The development of democracy and the improvement of the quality of life through the application and dissemination of knowledge is fundamentally endangered by this new type of weapon – the fake news. Of course, freedom of expression and the media are indispensable for the democracy, but in order for the democracy to be sustainable and functional it is not just enough that the citizens are active and involved in the processes, but they must also be well informed. Only an appropriately informed individual can make quality knowledge-based decisions. The uninformed or misinformed public cannot make reasonable decisions, participate in the social life, and have control over the government.

Fake news will not only deceive us, but undermine our confidence in legitimate and relevant news sources. There are countless portals without redaction, articles without an author. These “media” give us the wrong perception of “media pluralism”, and do not function on the principles of journalism. They have taken a huge step forward to be as readable as possible with readers, with a flow of information, but in most cases they remain far from the basic principles of modern journalism.

Freedom of expression consists of freedom of opinion and freedom of expression and has certain limitations (for example hate speech, insult). Human rights and freedoms have a clear boundary – the rights and freedoms of the other. Freedom of speech also encompasses the culture of speech, ie protecting the basic human values. In that direction, Article 10 of the European Convention on Human Rights, which contains the freedom of expression, states: The exercise of these freedoms, since it carries with it duties and responsibilities, may be subject to such formalities, conditions, restrictions or penalties as are prescribed by law and are necessary in a democratic society, in the interests of national security, territorial integrity or public safety, for the prevention of disorder or crime, for the protection of health or morals, for the protection of the reputation or rights of others, for preventing the disclosure of information received in confidence, or for maintaining the authority and impartiality of the judiciary. So, human rights are neither absolute nor uncontrollable, on the contrary, the situation is reversed. But here the biggest problem arises, to what extent are the restrictions and controls necessary in a democratic society, whether they are aimed at protecting the rights of others or have a different purpose.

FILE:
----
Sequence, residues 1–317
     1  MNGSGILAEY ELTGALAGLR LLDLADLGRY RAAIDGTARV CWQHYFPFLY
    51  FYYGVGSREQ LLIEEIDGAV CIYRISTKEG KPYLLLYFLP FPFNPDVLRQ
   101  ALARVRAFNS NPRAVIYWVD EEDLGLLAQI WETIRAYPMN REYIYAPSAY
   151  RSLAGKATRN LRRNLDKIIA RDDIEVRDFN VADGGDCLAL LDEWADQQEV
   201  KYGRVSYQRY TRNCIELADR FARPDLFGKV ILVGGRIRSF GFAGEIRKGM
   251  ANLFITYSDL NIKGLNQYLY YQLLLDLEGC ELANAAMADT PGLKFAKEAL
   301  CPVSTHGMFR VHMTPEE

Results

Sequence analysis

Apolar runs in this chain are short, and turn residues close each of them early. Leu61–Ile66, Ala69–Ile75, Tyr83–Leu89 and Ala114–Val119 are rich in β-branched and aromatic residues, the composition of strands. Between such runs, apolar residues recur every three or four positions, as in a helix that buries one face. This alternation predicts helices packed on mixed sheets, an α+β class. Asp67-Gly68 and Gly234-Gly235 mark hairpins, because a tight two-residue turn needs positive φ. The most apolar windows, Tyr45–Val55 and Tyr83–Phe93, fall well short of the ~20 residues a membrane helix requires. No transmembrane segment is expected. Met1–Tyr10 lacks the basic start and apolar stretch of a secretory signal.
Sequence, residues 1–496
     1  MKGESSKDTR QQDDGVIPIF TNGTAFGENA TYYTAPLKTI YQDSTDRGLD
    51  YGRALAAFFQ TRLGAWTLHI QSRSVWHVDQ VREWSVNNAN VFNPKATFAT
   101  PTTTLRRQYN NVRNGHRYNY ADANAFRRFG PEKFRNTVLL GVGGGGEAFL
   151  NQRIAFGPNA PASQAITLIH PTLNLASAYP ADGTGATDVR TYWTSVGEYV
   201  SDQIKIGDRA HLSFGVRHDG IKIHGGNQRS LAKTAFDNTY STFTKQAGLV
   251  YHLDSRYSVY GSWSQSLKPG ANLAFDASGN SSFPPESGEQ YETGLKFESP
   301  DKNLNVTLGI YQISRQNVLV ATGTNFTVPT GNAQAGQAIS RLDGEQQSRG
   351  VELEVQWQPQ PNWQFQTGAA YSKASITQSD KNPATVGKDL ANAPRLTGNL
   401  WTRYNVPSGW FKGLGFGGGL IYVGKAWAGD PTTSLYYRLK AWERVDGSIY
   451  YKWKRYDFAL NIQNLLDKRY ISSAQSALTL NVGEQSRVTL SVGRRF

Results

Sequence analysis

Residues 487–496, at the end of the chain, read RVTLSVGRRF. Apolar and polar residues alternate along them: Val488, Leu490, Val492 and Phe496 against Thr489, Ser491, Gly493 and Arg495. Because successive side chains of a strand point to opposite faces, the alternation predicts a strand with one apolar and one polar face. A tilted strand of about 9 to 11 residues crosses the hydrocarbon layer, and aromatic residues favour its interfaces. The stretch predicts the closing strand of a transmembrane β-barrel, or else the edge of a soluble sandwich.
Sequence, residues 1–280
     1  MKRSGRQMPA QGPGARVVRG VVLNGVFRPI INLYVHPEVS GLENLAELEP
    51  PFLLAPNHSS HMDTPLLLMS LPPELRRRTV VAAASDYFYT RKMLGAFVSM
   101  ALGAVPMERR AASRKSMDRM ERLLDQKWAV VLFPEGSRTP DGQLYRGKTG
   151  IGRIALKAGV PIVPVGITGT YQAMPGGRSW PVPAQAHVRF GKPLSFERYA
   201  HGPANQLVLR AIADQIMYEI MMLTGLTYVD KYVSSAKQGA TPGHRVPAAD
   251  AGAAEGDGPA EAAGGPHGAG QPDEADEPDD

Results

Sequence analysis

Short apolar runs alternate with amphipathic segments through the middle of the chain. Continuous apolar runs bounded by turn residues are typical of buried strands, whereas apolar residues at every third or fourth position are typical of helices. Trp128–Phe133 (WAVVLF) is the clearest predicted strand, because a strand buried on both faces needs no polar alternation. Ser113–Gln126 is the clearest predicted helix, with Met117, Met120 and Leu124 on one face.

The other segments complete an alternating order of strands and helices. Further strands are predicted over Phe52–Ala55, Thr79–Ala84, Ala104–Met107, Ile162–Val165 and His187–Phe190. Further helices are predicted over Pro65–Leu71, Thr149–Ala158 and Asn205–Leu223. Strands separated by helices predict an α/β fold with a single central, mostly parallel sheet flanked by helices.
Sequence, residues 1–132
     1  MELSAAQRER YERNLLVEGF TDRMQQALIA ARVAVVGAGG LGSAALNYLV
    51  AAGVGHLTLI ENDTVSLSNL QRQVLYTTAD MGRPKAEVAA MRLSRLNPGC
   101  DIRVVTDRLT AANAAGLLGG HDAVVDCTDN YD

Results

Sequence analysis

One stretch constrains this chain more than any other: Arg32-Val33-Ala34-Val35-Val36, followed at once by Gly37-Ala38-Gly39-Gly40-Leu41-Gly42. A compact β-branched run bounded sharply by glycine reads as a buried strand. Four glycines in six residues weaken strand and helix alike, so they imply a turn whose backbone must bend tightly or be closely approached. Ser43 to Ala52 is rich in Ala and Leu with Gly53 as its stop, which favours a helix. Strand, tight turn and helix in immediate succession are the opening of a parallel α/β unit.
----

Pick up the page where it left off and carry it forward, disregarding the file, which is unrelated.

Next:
To be continued…


Luan Imeri, MSc




This project was funded in part through a U.S. Embassy grant. The opinions, findings, and conclusions or recommendations expressed herein are those of the implementers/authors and do not necessarily reflect those of the U.S. Government.